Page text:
If I had to wager a guess, I’d say Noah knows who his abuser is, but he’s not saying anything because he’s scared and traumatized since it’s someone that he cares about. Since we know the attack wasn’t random—and everyone who did come in contact with him explained that he didn’t have friends or make many connections with anyone—it has to be someone from home. Maybe someone like his brother or a friend whom he confided in. 

This is one of those lingering cases that we will revisit in future episodes, but it has so much promise. Voight’s seen a lot during his tenure in Chicago, but even he seemed completely shaken by what Noah endured. 

And will the series ever make any positive moves with Voight and Chapman? It’s clear that there’s something between them that goes beyond their workplace friendship. 

What did you think of the episode? Who do you think Noah’s attacker is?

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Chicago P.D

Chicago PD Season 11 Episode 5 Review – Split-Second

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Is 'Chicago PD' New Tonight? Everything We Know About Season 11 Episode 5

Atwater does it again, but that’s really no surprise. Kevin Atwater episodes of Chicago PD are consistently the strongest—delivering complex issues, a riveting performance, and making us all question why LaRoyce Hawkins isn’t allowed to take the wheel more often. 

And would it kill them to give him a love interest so he doesn’t have to carry this burden all on his own?

On Chicago PD Season 11 Episode 5, Atwater responded to a robbery in progress on Jeweler’s Row, but the situation quickly escalated as the robbers proved to be dangerous and careless, firing shots that killed the store owner and hit an innocent bystander, who ended up bleeding out to death.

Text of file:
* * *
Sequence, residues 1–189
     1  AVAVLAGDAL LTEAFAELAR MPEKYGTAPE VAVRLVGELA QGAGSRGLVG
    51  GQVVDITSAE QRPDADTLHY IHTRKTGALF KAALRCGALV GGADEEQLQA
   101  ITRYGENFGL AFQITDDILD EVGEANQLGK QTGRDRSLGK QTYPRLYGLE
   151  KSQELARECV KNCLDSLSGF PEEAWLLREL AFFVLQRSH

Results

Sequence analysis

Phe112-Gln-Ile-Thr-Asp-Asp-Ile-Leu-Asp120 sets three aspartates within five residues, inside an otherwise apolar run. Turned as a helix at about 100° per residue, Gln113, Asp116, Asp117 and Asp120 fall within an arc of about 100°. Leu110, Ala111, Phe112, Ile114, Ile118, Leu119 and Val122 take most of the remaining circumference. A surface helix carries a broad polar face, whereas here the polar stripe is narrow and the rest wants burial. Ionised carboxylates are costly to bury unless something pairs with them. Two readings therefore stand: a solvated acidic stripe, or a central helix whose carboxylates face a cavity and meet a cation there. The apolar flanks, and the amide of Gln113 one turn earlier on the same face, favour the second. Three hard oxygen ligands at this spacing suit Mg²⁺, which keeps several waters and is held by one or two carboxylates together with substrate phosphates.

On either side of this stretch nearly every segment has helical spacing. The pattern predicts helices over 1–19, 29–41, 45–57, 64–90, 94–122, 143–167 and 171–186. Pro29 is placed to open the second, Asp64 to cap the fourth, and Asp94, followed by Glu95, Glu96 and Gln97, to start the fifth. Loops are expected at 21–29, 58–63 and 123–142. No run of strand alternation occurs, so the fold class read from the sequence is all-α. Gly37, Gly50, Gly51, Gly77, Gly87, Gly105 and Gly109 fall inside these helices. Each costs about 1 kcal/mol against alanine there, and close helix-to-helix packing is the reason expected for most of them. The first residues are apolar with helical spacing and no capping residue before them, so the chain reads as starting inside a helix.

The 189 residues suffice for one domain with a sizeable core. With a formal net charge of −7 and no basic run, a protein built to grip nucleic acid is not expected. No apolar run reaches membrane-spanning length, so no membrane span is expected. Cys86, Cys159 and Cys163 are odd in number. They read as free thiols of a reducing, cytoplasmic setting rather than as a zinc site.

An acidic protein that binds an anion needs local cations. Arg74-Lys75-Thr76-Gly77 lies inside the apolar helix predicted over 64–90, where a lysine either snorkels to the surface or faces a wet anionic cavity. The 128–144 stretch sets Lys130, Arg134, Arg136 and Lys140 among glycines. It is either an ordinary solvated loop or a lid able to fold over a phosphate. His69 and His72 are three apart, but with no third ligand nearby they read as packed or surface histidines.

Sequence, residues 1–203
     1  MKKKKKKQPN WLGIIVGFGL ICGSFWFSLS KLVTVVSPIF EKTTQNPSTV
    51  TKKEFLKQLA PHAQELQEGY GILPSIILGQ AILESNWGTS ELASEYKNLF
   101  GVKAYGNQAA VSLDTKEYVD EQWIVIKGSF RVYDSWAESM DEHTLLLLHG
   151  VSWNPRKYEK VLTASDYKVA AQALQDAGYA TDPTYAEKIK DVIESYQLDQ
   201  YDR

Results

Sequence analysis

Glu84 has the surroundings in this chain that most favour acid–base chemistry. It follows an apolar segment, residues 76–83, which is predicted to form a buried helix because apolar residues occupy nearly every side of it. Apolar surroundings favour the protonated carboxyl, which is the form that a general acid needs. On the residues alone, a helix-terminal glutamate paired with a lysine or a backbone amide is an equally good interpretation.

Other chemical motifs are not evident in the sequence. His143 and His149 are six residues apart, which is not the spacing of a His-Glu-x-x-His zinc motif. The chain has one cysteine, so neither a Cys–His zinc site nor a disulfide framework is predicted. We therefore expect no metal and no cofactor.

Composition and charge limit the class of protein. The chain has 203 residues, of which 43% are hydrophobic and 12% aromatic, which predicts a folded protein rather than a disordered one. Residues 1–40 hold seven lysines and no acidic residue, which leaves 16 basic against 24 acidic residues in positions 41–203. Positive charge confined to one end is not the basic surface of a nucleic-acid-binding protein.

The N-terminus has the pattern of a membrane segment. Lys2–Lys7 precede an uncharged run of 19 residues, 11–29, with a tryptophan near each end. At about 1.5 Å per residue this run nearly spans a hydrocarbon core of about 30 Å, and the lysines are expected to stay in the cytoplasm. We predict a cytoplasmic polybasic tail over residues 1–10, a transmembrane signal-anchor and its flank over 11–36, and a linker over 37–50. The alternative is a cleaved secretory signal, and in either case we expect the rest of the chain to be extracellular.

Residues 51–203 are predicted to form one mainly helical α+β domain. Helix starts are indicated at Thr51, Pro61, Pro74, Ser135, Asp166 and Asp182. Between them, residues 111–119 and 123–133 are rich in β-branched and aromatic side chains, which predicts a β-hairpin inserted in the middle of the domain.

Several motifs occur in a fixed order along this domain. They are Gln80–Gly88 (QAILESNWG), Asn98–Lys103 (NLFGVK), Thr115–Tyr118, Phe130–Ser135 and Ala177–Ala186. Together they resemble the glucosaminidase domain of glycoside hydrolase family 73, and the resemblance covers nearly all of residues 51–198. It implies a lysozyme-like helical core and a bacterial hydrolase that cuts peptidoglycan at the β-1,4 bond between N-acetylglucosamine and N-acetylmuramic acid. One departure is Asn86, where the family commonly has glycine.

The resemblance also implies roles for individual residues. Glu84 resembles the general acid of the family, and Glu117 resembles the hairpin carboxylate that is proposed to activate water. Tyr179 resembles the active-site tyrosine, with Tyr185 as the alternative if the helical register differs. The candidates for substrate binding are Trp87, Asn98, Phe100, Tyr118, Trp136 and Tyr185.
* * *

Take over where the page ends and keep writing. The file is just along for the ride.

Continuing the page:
The moment was one that haunted Atwater for much of the episode, as the wife of Corey, who was trapped between the safety door, blamed Atwater for making a conscious choice to try to save the owner over her husband. 

And she’s not wrong—Atwater went to check on the other man, allowing the impenetrable doors to close, preventing him from rendering life-saving aid to Corey. 

He was filled with instant regret knowing that his choices could’ve made a difference, and while we know that it’s simply Atwater’s personality to want to take accountability, the case showed that sometimes, despite our best efforts, we can’t change the outcome. And we can’t save everyone. 

It wasn’t stated in the episode—and Atwater said time and time again that he didn’t know why he chose to check on the owner instead of Corey—but my guess is that he didn’t imagine that the doors would be impossible to break through. He likely also felt that the injuries of the owner may have been more extensive than Corey’s, and felt the need to prioritize helping him. 

At the end of the day, he followed his gut in a split-second, trying to make the best decisions for everyone, and there’s not much more you can ask for when it comes to the person responding to a critical situation. 

He went back to the scene of the crime, retracing his steps an replaying the situation over and over in his brain, making himself feel guiltier, particularly when he found the keys under the shattered glass, which could have bought Corey the necessary time until the paramedics arrived, but that’s all hindsight and doesn’t change what happened. Atwater can learn from it, but he needs to let himself move on for his mental health, especially as Voight pointed out that there is no handbook on who you should save first. 

Atwater’s regret aside, the episode was action-packed as they tried to identify the two robbers, who were leaving behind a trail of victims during their heists. The key person to helping them make a break in the case was Teresa. They knew she saw one of the suspects as there was video footage of her looking him in the face before he put his mask on, but when confronted, Teresa insisted that there was a “glare” and she saw nothing.

Considering the suspects took off with every victim’s driver’s license, I’m not surprised Teresa chose to stay quiet as she feared retaliation against her family. She already lost her husband, and she didn’t want to put her husband in harm’s way. 

While Voight’s tactics of pushing her to talk or charging her with obstruction of justice may have seemed harsh, it was necessary to motivate her to help them make a break in the case. (I’ll be honest, I first thought that Teresa was keeping the suspect’s identity a secret because it was someone she knew/someone connected to her son, so I was glad that wasn’t the case.)